When adjusting tracking, you’ll find that you can dramatically affect the total length of your text area while still keeping it legible. Even though it is only a small space being added or removed between each letter, the effect multiplies quickly over longer text passages. 

Step 3B: Applying Kerning

Applying kerning can be a lot more time-consuming, and it can quickly drive you to frustration. It’s easy to adjust, but it can also be hard to tell when it’s exactly right, especially for those who are just getting into the world of typography. 

That being said, a kind of meditative serenity can also be found in it – it’s really all about how you approach it. 

With your Type tool text cursor placed between the two letters you want to adjust, use the dropdown to set a custom kerning amount. You can also enter a custom value with your keyboard, or use the up and down arrow keys to adjust the value in increments of 10.

As I mentioned earlier, you can also try applying one of the two automatic kerning methods, Metrics or Optical. These options work more like tracking and can be applied without placing the cursor between each individual letter pairing. Both are listed in the kerning dropdown menu in the Character panel, as well as the option to set the kerning to 0 for every letter pair.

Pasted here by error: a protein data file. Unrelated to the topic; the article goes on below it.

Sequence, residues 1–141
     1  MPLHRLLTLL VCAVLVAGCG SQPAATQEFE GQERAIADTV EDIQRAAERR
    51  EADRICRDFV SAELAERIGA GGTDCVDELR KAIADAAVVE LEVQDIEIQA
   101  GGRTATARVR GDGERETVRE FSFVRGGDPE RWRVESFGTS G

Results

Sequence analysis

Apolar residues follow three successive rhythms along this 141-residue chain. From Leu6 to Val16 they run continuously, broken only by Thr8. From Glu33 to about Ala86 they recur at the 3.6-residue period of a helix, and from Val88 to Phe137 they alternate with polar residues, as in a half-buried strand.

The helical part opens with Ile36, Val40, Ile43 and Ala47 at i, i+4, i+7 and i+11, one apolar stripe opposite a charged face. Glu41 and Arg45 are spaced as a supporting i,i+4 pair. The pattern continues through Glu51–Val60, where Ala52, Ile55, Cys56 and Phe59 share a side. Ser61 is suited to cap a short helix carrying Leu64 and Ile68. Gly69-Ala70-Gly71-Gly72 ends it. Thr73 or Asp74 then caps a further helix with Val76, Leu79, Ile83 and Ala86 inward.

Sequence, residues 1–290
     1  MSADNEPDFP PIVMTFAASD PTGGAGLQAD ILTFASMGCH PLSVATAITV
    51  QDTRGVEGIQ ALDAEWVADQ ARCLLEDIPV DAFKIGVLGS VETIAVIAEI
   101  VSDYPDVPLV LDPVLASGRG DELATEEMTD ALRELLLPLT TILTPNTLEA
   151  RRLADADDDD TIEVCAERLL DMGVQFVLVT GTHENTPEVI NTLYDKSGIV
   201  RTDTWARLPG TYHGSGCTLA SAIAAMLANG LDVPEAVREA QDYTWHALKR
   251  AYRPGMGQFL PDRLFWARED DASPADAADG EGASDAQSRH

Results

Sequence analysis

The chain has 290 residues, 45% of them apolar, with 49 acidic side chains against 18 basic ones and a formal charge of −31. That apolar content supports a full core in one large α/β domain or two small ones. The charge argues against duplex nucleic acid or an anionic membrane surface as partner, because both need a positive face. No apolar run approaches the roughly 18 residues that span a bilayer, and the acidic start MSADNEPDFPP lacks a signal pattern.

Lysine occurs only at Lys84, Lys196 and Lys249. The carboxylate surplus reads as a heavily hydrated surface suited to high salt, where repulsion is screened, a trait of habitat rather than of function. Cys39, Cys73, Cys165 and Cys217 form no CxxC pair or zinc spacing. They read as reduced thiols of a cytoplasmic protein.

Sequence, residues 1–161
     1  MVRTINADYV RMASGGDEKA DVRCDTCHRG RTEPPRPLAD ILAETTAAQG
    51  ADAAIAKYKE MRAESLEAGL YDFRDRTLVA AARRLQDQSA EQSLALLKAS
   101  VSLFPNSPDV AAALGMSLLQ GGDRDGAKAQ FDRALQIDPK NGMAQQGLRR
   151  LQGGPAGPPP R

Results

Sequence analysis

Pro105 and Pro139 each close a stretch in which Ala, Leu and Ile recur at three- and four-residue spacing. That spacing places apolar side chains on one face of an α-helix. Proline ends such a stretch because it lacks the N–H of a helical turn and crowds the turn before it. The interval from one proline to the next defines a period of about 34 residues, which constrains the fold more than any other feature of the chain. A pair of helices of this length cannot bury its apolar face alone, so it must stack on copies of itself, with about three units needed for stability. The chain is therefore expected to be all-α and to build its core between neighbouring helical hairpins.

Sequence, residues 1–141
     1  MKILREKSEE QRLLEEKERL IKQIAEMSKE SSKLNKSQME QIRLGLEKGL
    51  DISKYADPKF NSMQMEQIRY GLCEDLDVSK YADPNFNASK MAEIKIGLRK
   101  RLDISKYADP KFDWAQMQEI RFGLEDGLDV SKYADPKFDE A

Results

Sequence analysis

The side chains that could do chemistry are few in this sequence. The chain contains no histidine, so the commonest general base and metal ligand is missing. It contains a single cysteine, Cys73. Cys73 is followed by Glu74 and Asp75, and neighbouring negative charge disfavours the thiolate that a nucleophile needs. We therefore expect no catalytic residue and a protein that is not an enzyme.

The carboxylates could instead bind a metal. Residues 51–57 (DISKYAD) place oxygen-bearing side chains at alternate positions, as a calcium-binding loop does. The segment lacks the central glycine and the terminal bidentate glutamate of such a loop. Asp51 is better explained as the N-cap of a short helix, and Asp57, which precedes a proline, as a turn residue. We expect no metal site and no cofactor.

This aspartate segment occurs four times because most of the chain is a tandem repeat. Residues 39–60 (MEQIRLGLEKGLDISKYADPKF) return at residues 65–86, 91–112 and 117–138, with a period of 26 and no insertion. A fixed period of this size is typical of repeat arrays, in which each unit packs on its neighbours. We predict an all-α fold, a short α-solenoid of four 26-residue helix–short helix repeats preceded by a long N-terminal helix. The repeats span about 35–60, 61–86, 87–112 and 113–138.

Typically, Metrics or Optical will be fine, but you can always use them as a starting point and then fine-tune any problematic letter pairs by hand. 

A Final Word

That’s all you need to know about how to change letterspacing in Photoshop, and hopefully, you’ve got a better understanding of some basic typographic terms and functions. Learning the basics of typography isn’t too hard, but it can be the labor of a lifetime to refine your eye and your sense of typographic style.

There are plenty of great typography resources available on the web to help you polish your skills, so get out there and start practicing!

Happy typesetting! 

About Thomas Boldt
Thomas started his Photoshop career way back in 2000. After exploring Photoshop 5.5 in a high school computer lab, he developed an enduring passion for photography, design, and technology that carried him through a Bachelor of Design degree and into the wild world of tech startups.